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It's bad enough the Bruins lost
By adamg on Tue, 01/05/2016 - 10:21pm
Weber King got caught in the "total chaos" exiting the first Garden event since the T entrance on that side of Causeway closed, forcing thousands of people to cross the street to get to the subway:
Yeah, this isn't gong to work, at all. Need a plan B ASAP.
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Why did they close a
Why did they close a perfectly good entrance in the first place?
To put up Boston's latest mixed-use tower, natch
Supposedly, in three years, there'll be a tunnel from the Garden/new tower to the T stop.
They managed to keep the parking garage entrance open to the public while they are building the new apartment complex on the other side of the Garden but somehow they couldn't figure out how to keep the pedestrian walkway open for a bulk of the construction? (!)
That you, MBTA and the City of Boston for looking out for the best interests of your riders and citizens. If the goal was to lower housing prices by making Boston less desirable, you're on the right track.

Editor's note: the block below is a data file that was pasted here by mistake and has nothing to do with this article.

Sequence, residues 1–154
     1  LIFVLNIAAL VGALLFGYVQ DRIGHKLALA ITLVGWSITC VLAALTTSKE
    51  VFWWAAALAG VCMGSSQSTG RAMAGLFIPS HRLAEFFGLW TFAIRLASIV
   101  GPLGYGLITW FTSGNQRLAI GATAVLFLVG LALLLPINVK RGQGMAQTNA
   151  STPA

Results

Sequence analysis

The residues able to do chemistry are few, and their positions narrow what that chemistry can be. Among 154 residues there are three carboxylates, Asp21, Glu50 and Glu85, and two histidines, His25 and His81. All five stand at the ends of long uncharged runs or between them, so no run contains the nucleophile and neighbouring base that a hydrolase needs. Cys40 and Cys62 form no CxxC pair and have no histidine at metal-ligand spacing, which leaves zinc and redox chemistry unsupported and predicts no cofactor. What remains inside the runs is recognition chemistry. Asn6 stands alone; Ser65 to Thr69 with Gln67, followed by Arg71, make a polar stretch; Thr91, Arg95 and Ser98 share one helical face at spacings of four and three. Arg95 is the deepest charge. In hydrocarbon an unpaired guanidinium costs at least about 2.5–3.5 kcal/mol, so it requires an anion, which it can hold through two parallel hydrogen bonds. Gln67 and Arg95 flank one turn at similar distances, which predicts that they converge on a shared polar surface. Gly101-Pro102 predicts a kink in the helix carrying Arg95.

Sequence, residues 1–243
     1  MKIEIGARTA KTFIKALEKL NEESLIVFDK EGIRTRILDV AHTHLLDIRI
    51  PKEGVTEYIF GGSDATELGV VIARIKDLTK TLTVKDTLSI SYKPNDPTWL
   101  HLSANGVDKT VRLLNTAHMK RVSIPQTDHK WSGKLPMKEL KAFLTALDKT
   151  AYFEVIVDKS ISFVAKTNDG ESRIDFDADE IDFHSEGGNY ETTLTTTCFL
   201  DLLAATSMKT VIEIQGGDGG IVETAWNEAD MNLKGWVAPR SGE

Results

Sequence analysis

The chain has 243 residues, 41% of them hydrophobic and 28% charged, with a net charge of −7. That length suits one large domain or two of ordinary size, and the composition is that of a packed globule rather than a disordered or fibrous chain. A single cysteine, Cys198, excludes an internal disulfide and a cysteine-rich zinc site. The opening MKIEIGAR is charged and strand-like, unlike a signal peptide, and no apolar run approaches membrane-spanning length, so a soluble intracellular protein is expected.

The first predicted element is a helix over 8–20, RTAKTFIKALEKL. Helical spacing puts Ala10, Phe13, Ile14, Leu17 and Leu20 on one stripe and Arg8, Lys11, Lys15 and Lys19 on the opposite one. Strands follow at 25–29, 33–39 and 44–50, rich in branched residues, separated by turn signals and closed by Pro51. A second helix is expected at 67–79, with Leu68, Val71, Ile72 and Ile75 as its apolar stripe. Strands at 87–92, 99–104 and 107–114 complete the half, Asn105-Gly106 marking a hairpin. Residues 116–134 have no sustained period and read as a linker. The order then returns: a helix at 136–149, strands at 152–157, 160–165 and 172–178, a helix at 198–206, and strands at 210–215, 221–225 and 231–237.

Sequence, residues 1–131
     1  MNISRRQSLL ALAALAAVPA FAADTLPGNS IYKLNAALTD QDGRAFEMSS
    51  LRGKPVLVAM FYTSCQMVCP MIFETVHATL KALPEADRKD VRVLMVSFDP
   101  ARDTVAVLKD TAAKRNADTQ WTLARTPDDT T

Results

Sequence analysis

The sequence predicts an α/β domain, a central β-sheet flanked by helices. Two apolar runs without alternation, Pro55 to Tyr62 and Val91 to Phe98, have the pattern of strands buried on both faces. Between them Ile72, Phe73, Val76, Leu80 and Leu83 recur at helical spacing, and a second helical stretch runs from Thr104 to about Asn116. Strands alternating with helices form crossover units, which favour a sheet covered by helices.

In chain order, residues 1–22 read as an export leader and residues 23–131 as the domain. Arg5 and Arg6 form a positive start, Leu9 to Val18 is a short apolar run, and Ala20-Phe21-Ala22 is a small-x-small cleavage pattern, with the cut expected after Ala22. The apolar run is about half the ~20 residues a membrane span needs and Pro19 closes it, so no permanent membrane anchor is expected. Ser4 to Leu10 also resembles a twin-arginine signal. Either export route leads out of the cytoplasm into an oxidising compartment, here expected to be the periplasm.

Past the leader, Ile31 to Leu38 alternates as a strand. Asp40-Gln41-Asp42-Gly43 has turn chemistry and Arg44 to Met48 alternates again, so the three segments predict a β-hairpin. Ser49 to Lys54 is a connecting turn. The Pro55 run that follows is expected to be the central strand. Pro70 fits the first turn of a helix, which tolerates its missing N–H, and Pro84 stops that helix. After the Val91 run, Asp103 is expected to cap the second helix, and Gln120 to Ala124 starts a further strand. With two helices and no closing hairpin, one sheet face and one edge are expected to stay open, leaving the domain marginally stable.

There it is
Can't have a good transit debate without someone alluding to cars not getting screwed while transit riders do.
It really is true in this case!
I'm not trying to bring up the cars vs bikes vs peds debate. I just want to know why they did what it took to leave the parking lot open but couldn't do the same for the pedestrian underpass. (My guess? The parking lot is owned by the Garden who would have demanded the developer to pay them for whenever the lot was closed off.)
My point is neither group should get "screwed". The building permits should not have been given until the developers figure out a way of having these critical transit links remain open for a bulk of the construction. This isn't an insurmountable engineering problem.
One of the roads I usually drive down to get to the Sumner was closed on my way to work today because of a new building going up, which caused me to have to go out of my way and catch a light I usually wouldn't. But pedestrians could still use the road to get to get to Maverick station and the Greenway. Should I be just as outraged then?